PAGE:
An Abundance Of Buns

scots bun black bun hogmanay

I didn’t see black bun in the wild until I was an adult. Before moving to Scotland, I’d only ever heard about this Hogmanay delicacy from Scottish family members – and from reading “The Broons” in “The Sunday Post”! And although my granny was a great baker, this wasn’t something she ever made.

As my first New Year here approached, black bun began to appear in all the local bakeries and supermarkets. I don’t know what I thought it would look like, but “fruit cake in a pie” wasn’t it! Traditionally, it’s eaten at New Year and may be given as a first foot gift. It’s not to everyone’s taste, though. Author Robert Louis Stevenson had some harsh words to say about it.

“New-year’s Day, the great national festival, is a time of family expansions and of deep carousal. … Currant-loaf is now popular eating in all households. For weeks before the great morning, confectioners display stacks of Scots bun—a dense, black substance, inimical to life”

Stevenson calls the cake “Scots bun” whereas we now talk about “black bun”. Are they the same? Most food writers now seem to think so. However, we do have a couple of recipes placed side by side in a 1935 issue, which suggest there might have been some subtle differences between them . . .

Scots Bun (Rich) (November 16, 1935)


  • 3/4 lb sugar
  • 2 lb valencia raisins
  • 6 oz blanched almonds
  • 2 nutmegs
  • ½ oz ground cloves
  • Milk
  • 1½ lb flour
  • 2 lb currants
  • 3 oz lemon peel
  • ½  oz jamaica pepper
  • 3 teaspoonfuls baking

Sieve the flour, sugar and baking powder together. Add the raisins (stoned and cut in two), the currants (washed and dried), the almonds (split in two), the lemon peel (finely chopped), the nutmeg (grated) and the spices. Mix thoroughly before adding sufficient milk to moisten.

The Pastry

  • 3 breakfastcupfuls flour
  • 8 oz margarine or butter
  • 1 heaped teaspoonful baking powder
  • Cold water

Rub butter into flour and baking powder. Form a stiff paste with cold water. Turn on to floured baking-board, roll three times, then use to line the bottom and sides of a large cake-tin, which has been greased. Reserve a piece of the pastry to make a lid. Now fill in the bun, place the pastry on top, moistening the edges so that it will stick when pressed to the top of the pastry sides. Pierce the top with a fork all over, brush over with beaten egg, and bake in a moderate oven for about four hours.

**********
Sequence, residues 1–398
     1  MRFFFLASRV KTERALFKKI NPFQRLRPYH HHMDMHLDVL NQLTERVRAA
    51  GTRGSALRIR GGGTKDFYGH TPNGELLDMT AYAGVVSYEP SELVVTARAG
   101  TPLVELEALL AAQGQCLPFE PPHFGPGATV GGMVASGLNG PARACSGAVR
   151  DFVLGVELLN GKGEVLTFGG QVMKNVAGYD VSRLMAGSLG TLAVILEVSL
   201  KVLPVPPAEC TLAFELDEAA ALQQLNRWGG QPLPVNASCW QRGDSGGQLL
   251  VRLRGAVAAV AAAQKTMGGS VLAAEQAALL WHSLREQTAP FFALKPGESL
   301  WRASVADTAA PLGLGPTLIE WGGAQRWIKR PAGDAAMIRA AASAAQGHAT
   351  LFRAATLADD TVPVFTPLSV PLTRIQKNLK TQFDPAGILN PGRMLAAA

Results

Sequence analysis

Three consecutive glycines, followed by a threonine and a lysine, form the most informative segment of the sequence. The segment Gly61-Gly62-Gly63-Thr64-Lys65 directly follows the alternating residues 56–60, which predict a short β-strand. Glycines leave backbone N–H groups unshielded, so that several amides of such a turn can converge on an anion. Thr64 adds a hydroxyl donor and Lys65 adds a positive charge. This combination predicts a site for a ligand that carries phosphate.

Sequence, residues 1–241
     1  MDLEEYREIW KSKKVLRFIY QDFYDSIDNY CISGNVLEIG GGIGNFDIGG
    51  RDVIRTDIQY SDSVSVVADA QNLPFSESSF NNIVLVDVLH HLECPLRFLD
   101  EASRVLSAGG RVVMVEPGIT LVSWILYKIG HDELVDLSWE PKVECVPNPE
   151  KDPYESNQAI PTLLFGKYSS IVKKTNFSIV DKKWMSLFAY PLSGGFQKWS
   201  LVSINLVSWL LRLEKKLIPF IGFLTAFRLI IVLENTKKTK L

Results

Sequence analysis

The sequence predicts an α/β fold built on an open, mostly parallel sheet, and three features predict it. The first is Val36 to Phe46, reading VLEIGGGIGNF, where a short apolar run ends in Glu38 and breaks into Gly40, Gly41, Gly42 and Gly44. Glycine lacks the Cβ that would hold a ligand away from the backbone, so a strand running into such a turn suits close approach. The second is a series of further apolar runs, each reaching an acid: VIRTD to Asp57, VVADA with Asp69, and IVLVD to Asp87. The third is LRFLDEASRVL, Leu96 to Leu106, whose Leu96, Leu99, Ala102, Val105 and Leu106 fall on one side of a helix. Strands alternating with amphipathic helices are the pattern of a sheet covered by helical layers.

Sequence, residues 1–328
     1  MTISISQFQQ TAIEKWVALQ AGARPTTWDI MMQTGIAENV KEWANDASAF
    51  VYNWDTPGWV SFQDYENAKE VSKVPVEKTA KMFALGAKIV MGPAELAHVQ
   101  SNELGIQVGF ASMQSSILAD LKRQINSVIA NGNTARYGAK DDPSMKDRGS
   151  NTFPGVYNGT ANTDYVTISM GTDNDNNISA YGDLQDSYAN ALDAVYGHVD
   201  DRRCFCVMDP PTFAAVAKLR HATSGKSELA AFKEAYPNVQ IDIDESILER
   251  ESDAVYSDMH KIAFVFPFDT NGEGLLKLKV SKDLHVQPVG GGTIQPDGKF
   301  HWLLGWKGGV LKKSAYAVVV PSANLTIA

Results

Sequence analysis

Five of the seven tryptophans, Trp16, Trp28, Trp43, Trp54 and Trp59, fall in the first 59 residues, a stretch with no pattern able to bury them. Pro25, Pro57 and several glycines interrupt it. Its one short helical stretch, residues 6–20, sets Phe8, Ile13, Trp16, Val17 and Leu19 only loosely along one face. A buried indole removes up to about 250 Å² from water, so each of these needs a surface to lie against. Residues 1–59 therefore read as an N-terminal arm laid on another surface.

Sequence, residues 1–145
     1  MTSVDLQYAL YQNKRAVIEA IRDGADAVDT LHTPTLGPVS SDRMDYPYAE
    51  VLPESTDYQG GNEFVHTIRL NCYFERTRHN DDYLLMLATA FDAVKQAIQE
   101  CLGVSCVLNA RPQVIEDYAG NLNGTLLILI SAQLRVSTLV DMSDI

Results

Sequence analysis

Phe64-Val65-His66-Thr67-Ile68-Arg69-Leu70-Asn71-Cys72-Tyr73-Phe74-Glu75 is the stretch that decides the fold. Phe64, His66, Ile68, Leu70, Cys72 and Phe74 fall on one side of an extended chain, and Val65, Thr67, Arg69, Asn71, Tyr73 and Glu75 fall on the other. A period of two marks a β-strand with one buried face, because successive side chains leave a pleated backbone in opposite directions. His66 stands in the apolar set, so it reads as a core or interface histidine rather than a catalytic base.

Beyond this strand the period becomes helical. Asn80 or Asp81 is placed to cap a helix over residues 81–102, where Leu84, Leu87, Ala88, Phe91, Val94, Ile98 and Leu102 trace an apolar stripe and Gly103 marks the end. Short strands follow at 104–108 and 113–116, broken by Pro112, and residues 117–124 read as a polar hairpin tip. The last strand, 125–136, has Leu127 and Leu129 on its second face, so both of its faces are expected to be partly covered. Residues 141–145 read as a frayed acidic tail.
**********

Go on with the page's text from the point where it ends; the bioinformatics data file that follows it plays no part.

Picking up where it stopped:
Black Bun (November 16, 1935)


  • 1 lb flour
  • 2 teaspoonfuls ground ginger
  • ½ lb raisins
  • ½ lb brown sugar
  • 1 teaspoonful baking soda
  • 2 teaspoonfuls mixed spice
  • 1 lb currants
  • 1 packet stoneless raisins
  • ½ lb mixed peel
  • Milk to mix

For Paste

  • 1 lb flour
  • 1 teaspoonful baking powder
  • ½ lb margarine or butter
  • Milk

For the Bun. – Mix flour, baking soda, sugar and spices together. Add the raisins (cut small), the currants and the peel (cut in small slivers or finely chopped). When thoroughly blended add just sufficient milk to moisten without making too wet.

For the Paste. Rub the butter into the flour and baking powder, and form into a firm paste with milk. Proceed as in directions for Scots Bun given above.

Note: Jamaica pepper is an old name for allspice.
Another note: reading these recipes made me very grateful that we have pre-prepared dried fruit and nuts for our baking nowadays!

So, there you have it – Scots Bun and Black Bun. Are they different names for the same cake, or are they slightly different cakes that have become known by the same name? What do you think?


Marion McGivern

As editor of the cookery, money, pets and eco pages, Marion covers a wide range of regular Features content. Along with the rest of the Team, she enjoys finding interesting features for both the weekly and Special issues that readers will love. Having so much variety every day means that over ten years with the “Friend” has just flown by!